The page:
2
  1. There was the book that he looked all over for.
  2. There was the book that he searched.

Do they have the same meaning?

  • 1
    I would include the for in both sentences: There was the book that he searched for. – J.R. Dec 24 '16 at 12:57
  • 1
    It's a bit of a weird one to explain, but if you don't include [all over] for in #2, it would be much, much better to say There was the book that he sought. Note that sought is the highly irregular past tense form of seek (which means look for, but doesn't require the preposition). – FumbleFingers Dec 24 '16 at 13:49
2

No. For most English speakers, the second sentence means that the book is the location where the person looked for something, but not the object the person wanted to find.

For example, "I searched the Internet" means I used the Internet to find something. "I searched the Internet for an answer." "I searched the Internet but I didn't find an answer."

"I searched the room for my keys, but I didn't search my car." "I didn't know if 'X' was a word, so I searched the dictionary." "The police searched everywhere, but the killer was never found." Etc.

1

Both expressions are fine, although the second is missing a preposition at the end:

There was the book that he searched for.

A more natural expression would be to use the past perfect progressive tense to suggest he had been looking and looking for the book, and then he found it:

There was the book that he had been looking all over for.

There was the book that he had been searching for.

Of course you may also use the past perfect tense:

There was the book that he had looked for.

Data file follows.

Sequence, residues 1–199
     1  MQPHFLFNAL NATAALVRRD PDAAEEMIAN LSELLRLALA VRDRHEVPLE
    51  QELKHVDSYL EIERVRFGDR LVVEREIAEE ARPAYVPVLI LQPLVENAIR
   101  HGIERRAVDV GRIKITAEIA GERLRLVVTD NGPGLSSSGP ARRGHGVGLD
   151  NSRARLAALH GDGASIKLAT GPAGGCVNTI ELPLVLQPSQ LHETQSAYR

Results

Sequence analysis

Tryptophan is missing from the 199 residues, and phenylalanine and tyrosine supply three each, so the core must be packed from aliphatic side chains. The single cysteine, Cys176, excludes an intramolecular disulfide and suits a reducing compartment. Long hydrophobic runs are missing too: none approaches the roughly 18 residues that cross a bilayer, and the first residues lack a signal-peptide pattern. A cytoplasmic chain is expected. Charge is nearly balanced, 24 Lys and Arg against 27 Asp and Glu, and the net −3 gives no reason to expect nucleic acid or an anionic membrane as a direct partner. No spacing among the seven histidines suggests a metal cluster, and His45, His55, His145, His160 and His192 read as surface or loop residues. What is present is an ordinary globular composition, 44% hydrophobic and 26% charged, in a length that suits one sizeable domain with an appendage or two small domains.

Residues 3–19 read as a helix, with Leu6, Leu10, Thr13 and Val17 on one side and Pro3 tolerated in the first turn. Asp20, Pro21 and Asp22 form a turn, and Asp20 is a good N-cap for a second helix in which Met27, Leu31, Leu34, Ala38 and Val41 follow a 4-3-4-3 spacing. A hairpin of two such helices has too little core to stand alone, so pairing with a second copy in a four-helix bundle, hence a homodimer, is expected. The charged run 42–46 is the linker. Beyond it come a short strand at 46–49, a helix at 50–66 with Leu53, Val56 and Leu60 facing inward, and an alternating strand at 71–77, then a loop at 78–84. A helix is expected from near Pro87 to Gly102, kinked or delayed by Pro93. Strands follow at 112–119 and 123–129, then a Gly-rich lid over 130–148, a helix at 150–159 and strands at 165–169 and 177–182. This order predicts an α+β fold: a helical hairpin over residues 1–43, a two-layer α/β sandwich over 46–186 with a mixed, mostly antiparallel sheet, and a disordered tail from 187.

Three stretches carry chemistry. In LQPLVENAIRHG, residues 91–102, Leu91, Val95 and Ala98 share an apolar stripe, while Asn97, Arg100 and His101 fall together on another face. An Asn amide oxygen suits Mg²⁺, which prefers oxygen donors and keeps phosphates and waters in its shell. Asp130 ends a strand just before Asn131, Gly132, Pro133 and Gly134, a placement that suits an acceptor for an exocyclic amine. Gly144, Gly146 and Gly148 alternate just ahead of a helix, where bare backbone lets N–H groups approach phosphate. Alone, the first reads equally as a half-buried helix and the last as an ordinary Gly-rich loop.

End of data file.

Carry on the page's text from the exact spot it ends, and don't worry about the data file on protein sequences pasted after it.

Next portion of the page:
But, given this is one of the few situations where the past perfect progressive makes sense, you might as well take advantage.

"Look all over" implies a lot of activity, running around, checking everywhere, while "search" means just that, to look for something. However, native speakers often exaggerate the degree of a search by using "look all over" even when they didn't really search hard at all. For example, I can say to a friend:

Oh hey I've been looking all over for my glasses, where did you find them?

Even though all I did was check my pockets and look under some magazines. It implies that I really tried to find them. My friend might reply:

They were on the table where you left them when you came in.

as a kind of rebuke, implying that I must not really have searched very hard for them.

0

Chris' answer is correct that the regular verb "searched" (without "for") means that "he searched" in the book.

Andrew's answer is correct that the second sentence would have the intended meaning if it used phrasal verb "searched for".

2b. There was the book that he searched for.

The second sentence would have the intended meaning if it used the irregular form "sought":

2c. There was the book that he sought.

-1

Not exactly..

Both imply that the man/woman looked for a book however, according to the first sentence, he/she searched the book every where..

Whereas the second sentence is just telling that he/she looked for the book. To what extent? It isn't mentioned..

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